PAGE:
Thursday, July 31, 2008

Reform of the defence offset policy

I am one of those die hard fans of companies like PWC (Price Waterhouse Coopers). Though I do criticise them at times; by and large I am a great fan of many an international consultant. They really bring lot of value add to the discussions on the table.

Look at today’s article by Dhiraj Mathur on India’s defence offset policy – a subject which we are interested in and have covered earlier also in our blogs.

He discusses with cogent reasons as to why the FDI cap in defence production (currently at 26%) makes no sense. While I recommend reading the full article at least once (do so here), let us look at some excerpts:

The government is scheduled to announce a new (and delayed) defence procurement policy (DPP 2008) in the next couple of days. From Indian industry’s perspective, the defence offset policy is a key element of the DPP. The existing version (DPP 2006) stipulates that 30% (or more) of the value of a defence purchase from a foreign vendor for a contract exceeding Rs 300 crore has to be ploughed back into the country via a defence offset obligation. Broadly, this obligation can be fulfilled by one of several methods — purchase from or exports on behalf of Indian defence industries of good or services produced or supplied by them, foreign direct investment (FDI) into Indian defence industries, investments in defence R&D etc.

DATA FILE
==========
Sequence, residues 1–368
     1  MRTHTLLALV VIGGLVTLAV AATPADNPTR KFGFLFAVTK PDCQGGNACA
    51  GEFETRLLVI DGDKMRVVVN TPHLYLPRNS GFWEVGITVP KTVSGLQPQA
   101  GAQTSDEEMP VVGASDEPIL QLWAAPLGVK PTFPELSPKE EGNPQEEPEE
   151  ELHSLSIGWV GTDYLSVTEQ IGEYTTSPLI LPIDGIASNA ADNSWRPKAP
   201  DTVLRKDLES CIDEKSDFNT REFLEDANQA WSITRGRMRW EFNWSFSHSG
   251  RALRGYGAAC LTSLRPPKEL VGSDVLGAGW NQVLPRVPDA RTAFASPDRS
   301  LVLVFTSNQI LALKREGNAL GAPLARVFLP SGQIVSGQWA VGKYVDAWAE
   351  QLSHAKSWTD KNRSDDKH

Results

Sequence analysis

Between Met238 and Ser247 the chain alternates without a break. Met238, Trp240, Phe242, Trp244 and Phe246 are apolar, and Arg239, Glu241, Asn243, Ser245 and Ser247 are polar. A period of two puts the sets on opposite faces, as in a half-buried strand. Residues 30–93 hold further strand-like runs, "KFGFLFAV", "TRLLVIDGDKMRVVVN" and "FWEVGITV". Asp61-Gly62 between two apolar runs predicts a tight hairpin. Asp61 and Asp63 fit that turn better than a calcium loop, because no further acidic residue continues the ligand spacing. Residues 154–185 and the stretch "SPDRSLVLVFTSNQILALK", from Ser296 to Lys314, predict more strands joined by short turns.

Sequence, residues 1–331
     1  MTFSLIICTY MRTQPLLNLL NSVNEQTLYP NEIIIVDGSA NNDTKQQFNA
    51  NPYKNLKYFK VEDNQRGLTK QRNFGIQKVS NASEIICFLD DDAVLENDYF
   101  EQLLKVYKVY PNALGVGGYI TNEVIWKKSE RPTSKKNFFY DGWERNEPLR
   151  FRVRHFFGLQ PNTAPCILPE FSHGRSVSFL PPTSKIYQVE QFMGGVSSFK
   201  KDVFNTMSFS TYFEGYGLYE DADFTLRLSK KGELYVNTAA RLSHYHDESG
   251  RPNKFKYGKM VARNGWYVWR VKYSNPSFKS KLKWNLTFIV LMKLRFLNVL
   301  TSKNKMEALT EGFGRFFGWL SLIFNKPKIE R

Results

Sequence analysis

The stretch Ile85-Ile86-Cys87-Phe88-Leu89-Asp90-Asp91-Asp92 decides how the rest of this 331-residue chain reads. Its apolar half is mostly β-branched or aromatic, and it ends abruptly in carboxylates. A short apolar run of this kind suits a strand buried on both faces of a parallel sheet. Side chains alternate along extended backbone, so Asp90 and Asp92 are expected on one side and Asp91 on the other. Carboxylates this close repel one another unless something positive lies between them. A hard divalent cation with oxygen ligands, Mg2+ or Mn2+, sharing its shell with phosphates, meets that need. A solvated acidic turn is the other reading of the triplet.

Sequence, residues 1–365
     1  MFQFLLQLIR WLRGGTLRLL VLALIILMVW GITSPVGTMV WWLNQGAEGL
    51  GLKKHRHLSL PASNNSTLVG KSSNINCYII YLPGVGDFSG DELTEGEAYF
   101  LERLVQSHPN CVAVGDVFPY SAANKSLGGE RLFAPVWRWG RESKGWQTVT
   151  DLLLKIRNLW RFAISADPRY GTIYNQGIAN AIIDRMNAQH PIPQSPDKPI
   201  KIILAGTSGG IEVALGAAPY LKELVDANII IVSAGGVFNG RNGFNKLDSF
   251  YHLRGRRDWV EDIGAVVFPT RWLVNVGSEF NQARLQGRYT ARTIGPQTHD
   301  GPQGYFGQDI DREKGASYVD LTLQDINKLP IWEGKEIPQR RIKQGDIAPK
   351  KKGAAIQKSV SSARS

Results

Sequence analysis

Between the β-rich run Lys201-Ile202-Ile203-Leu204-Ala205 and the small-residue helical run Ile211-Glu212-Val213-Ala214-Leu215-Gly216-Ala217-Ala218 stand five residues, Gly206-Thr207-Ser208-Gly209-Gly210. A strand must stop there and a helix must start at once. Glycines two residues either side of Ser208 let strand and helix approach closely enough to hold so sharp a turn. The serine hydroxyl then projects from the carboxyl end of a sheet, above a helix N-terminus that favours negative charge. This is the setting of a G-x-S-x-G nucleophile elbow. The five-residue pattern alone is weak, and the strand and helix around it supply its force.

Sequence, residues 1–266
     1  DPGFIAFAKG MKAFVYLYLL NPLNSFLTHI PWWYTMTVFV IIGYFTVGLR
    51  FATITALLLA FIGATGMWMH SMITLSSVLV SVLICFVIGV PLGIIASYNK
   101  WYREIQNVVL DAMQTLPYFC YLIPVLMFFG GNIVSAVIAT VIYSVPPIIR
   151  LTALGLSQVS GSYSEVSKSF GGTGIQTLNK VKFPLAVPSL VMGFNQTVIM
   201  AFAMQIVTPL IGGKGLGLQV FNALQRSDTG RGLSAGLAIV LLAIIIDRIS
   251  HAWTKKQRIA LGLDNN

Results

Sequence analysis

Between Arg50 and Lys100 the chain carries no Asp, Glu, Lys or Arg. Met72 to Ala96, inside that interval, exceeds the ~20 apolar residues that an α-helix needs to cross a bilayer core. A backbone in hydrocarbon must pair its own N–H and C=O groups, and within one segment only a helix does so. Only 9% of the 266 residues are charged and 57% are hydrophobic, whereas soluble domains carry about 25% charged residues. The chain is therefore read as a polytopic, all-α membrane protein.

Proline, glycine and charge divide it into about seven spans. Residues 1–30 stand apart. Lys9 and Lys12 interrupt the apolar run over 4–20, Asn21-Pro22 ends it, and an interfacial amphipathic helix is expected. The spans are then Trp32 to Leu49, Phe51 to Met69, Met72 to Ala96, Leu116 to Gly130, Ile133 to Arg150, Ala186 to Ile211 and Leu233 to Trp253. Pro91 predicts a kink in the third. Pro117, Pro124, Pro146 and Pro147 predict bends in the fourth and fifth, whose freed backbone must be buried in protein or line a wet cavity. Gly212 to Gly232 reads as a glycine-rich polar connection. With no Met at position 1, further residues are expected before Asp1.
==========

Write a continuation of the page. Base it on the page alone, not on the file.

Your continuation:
The Indian government has launched a $100 billion capital investment plan over the 2007-12 period. The annual budget for the year 2008-09 is set at $26.4 billion.

The existing FDI policy restricts foreign equity in the manufacture of defence equipment to 26%. If one were to assume that approximately $10 billion of the offset obligation would be discharged through investment in manufacturing, the existing policy would require a domestic equity contribution of almost about $30 billion (Rs 1,20,000 crore). Since the offset policy requires that the obligation be discharged during the tenure of the defence equipment supply agreement, this quantum of domestic equity would need to be raised over a 2-5 year period in the defence sector alone, a target that seems quite impossible to achieve. Second and equally important, original equipment manufacturers (OEMs) aggressively guard their intellectual property and would be loathe providing cutting edge technology to a joint venture in which they own only 26% equity.

There is no economic or strategic rationale for this cap on foreign equity. For those who say that defence is a strategic sector in which we cannot have 100% foreign equity, I have only this to say — for the last 50 years, we have been buying equipment from companies that have no assets or even operations in India and over which we have no control. What great security threat would a company pose that would be incorporated in India, be subject to Indian laws and regulations with physical assets in India? The cap of 26% on the FDI thus works against fully exploiting the potential benefits of the offset policy.